An Andy Warhol Statue of Liberty (1962) will be part of Christie’s New York’s offerings at its contemporary art evening sale Nov. 14. The painting, which is estimated to bring in excess of $35 million, shows a grid of 24 images of Lady Liberty in red and a green hue that echoes that of the statue.
The image pops into three dimensions when viewed with 3-D glasses. According to the auction house, it is the first example of painting in 3-D and the only one still in private hands. The others are in museums: Optical Car Crash at the Kunstmuseum Basel and a smaller version of Statue of Liberty at the Warhol Museum in Pittsburgh.
The press release claims that “the effect through 3-D glasses literally brings a new and magical dimension to Warhol’s art.”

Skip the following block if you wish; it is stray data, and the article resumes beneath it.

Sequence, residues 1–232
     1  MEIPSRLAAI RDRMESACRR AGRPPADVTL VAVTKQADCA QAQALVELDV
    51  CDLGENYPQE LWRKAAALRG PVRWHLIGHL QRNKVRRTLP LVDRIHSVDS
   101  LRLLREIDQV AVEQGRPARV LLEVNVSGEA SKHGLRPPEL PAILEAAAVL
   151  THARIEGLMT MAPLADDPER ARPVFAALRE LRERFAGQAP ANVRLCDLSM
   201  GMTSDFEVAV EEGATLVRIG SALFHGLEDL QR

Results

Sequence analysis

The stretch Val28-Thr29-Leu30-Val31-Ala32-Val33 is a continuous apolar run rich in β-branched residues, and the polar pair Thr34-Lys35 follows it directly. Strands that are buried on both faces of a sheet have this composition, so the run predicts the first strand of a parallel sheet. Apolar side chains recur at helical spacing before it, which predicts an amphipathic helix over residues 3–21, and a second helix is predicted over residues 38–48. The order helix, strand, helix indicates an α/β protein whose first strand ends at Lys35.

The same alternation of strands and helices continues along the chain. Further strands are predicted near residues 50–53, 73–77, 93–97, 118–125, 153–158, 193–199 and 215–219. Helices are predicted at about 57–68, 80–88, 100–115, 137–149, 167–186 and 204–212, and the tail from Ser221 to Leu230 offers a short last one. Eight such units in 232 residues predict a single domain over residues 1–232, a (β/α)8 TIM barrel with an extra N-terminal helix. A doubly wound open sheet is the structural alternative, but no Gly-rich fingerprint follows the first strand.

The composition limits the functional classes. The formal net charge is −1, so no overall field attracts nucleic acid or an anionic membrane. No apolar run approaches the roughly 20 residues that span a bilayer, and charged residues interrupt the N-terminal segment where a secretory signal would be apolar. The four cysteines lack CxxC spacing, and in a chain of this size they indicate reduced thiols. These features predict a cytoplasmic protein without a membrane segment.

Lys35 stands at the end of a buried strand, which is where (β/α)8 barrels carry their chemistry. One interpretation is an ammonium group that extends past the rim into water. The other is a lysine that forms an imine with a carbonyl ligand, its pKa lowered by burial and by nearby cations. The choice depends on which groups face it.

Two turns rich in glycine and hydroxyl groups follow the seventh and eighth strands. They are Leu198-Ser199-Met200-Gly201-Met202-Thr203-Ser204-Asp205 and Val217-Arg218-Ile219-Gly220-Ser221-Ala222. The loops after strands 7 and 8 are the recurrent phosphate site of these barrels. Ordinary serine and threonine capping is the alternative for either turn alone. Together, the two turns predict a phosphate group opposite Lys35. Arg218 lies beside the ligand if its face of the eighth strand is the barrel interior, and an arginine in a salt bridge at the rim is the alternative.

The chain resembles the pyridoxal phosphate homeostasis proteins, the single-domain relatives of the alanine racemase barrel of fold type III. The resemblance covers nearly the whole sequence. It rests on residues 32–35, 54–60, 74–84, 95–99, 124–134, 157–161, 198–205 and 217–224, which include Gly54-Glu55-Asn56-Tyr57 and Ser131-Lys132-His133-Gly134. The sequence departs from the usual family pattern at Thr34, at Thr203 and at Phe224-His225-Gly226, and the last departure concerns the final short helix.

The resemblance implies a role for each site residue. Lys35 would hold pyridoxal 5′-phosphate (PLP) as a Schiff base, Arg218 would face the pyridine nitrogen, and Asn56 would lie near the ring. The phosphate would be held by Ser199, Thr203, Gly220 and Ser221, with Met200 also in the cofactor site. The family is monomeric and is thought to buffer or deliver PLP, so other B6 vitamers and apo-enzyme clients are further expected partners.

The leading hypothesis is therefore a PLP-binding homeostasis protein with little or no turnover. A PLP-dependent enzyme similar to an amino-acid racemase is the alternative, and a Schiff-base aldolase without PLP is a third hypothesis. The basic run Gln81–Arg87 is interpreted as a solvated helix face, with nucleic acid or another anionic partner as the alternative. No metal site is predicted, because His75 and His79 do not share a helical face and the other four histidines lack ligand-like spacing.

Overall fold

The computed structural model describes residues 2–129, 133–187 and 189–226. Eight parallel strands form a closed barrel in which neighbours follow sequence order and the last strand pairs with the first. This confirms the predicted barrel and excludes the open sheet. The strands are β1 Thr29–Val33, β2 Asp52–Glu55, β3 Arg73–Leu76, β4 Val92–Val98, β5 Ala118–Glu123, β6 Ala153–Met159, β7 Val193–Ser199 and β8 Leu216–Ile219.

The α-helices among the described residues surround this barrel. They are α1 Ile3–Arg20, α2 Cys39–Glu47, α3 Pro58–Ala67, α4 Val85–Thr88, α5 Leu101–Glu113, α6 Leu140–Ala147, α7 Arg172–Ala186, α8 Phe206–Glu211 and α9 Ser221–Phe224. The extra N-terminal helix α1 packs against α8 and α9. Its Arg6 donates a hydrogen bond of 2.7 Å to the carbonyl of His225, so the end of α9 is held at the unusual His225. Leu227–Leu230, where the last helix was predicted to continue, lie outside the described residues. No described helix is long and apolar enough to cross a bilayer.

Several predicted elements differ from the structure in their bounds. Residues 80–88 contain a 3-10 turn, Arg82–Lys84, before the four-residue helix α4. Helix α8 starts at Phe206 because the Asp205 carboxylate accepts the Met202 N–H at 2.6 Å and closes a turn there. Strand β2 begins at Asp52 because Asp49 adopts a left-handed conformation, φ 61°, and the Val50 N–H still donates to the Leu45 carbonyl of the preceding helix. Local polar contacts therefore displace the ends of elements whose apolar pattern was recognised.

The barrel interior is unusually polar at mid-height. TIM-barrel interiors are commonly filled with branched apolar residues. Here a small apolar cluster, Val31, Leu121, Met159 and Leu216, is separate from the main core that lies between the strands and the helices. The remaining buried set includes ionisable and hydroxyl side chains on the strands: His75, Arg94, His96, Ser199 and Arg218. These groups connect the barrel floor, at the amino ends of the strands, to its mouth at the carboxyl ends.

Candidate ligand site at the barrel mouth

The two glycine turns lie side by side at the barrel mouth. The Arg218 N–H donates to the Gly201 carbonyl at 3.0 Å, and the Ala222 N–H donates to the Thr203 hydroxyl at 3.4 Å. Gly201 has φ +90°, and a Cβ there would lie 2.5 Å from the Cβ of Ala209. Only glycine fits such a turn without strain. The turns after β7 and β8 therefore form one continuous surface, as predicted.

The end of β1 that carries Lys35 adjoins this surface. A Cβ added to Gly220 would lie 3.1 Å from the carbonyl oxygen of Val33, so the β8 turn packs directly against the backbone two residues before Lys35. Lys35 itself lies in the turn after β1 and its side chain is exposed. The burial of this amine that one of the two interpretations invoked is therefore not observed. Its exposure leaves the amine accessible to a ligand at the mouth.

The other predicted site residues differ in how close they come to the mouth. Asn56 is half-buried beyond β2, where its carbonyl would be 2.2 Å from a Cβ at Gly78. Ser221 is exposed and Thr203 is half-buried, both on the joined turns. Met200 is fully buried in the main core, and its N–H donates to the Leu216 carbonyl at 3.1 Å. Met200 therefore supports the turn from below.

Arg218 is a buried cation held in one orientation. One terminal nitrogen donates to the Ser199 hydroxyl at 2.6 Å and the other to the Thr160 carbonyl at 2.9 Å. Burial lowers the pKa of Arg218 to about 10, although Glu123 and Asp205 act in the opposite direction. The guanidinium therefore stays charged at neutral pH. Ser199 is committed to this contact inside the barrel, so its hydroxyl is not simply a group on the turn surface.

The painting is executed in silkscreen inks, spray enamel and graphite, and is about 6½ by 7 feet.
It’s a big season for Lady Liberty, especially in Chicago. Danh Vo‘s We the People sculptures, which replicate fragments of the sculpture at full size, are on view there as part of his two-venue show at the Renaissance Society at the University of Chicago (through Dec. 16) and the Art Institute of Chicago (through May 2013).
Also, Steve McQueen’s 35mm film Static (2010) goes on view later this month at the Art Institute of Chicago. It shows the statue, shot from a helicopter circling around and above it.
While the $35 million estimate makes this one of the pricier offerings at the November sale, it doesn’t approach the current auction record for Warhol, which is $71.7 million brought by Green car crash – Green burning car I (1963) at Christie’s New York in 2007.
Andy Warhol (1928-1987), Statue of Liberty, 1962, silkscreen inks, spray enamel and graphite on canvas. 77 3/4 x 81 in. (197.5 x 205.7 cm.)